Somaliland’s first stab at independence lasted less than a week. Pipers of the Royal Highland Fusiliers were ordered to play the new state’s national anthem at a ceremony in Hargeisa, the capital, marking the end of British colonial rule in June 1960. On discovering that it did not have one, the bandmaster cobbled together a medley of local folk tunes, and conducted it with brio. A day later, however, Somaliland’s parliament passed an act of union with Somalia, a former Italian colony to its south, and Somaliland officially was no more.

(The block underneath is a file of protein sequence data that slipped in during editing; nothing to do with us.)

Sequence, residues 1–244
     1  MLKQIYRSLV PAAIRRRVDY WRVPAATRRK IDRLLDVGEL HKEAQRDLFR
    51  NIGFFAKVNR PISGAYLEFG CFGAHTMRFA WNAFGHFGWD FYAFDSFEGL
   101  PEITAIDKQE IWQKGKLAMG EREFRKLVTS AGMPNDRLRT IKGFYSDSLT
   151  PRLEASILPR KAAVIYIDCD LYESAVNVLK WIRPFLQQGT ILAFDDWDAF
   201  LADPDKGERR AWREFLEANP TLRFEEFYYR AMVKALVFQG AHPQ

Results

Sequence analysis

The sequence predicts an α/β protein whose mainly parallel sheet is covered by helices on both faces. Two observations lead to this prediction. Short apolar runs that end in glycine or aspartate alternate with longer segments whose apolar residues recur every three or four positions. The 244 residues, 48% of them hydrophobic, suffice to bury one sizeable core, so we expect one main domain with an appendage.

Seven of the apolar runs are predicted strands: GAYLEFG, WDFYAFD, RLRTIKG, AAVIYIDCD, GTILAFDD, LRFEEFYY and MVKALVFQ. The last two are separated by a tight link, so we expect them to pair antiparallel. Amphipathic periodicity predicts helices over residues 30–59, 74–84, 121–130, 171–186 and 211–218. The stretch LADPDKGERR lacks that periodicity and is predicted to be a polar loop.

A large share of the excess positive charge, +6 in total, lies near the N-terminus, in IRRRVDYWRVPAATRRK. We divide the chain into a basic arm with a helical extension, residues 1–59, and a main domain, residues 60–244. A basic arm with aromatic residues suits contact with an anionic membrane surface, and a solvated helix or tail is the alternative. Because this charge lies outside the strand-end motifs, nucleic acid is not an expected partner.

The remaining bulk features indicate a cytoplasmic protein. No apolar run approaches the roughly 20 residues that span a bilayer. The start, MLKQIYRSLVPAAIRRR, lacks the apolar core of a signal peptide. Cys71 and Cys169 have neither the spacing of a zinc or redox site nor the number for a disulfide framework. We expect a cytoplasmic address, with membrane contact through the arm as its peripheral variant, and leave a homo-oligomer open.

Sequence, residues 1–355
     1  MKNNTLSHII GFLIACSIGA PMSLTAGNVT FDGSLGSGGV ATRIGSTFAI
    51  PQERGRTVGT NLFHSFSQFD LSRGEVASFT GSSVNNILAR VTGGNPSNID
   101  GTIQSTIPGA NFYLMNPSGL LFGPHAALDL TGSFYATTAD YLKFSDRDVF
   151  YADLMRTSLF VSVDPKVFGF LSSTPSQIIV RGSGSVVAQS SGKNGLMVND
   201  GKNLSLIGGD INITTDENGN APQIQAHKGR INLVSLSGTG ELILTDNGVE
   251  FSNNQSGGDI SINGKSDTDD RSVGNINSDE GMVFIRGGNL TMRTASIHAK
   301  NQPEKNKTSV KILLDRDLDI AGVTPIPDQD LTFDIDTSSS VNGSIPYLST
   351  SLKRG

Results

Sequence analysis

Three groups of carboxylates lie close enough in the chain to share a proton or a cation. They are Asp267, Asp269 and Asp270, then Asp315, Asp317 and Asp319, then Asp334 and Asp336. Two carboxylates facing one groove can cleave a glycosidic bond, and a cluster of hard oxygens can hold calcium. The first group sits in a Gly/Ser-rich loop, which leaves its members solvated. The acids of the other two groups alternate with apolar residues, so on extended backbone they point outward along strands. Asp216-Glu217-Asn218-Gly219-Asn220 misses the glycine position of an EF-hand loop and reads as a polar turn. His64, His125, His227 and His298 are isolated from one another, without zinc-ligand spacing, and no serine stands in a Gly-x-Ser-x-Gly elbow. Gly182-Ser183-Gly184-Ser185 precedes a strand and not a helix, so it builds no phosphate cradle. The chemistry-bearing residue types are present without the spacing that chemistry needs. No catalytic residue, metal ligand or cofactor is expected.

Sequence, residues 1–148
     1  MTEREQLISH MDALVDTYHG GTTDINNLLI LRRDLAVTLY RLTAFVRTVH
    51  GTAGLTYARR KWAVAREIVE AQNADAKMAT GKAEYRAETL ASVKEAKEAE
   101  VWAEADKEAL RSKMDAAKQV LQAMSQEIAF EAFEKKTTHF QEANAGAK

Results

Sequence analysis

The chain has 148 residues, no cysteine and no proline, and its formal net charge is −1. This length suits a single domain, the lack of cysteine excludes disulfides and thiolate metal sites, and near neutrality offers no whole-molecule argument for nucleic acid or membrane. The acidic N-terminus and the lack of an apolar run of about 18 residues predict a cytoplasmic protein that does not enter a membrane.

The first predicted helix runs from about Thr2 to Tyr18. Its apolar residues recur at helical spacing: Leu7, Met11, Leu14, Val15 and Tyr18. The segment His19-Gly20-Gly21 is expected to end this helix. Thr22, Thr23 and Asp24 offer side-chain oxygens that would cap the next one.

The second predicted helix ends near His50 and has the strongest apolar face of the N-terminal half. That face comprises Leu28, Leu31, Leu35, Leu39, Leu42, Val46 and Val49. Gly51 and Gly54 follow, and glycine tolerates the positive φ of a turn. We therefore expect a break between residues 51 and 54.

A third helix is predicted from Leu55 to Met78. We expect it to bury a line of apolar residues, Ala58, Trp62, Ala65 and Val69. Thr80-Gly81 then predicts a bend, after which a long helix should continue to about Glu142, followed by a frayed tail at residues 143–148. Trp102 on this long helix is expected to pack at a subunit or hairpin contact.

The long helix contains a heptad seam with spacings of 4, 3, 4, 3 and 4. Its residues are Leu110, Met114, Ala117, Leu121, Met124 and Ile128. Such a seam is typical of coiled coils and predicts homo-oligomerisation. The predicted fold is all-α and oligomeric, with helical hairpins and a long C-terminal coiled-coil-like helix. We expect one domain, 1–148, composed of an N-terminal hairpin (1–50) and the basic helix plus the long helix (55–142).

It was a catastrophic mistake. Within a decade the new Somali Republic had collapsed. Its president was assassinated by his bodyguards. A Marxist junta seized power, led by Siad Barre, a general-turned-dictator. He abolished democracy and wrecked the economy by nationalising nearly everything except camel herds. He also launched a disastrous war against Ethiopia. When the northerners rebelled, he bombed Hargeisa, killing thousands of civilians. As Somalia disintegrated into clan warfare, Barre refused to negotiate, saying: “When I leave Somalia, I will leave behind buildings but no people.” He was not far off the mark. By the time he fled, in 1991, the country had plunged into chaos from which it has yet to emerge.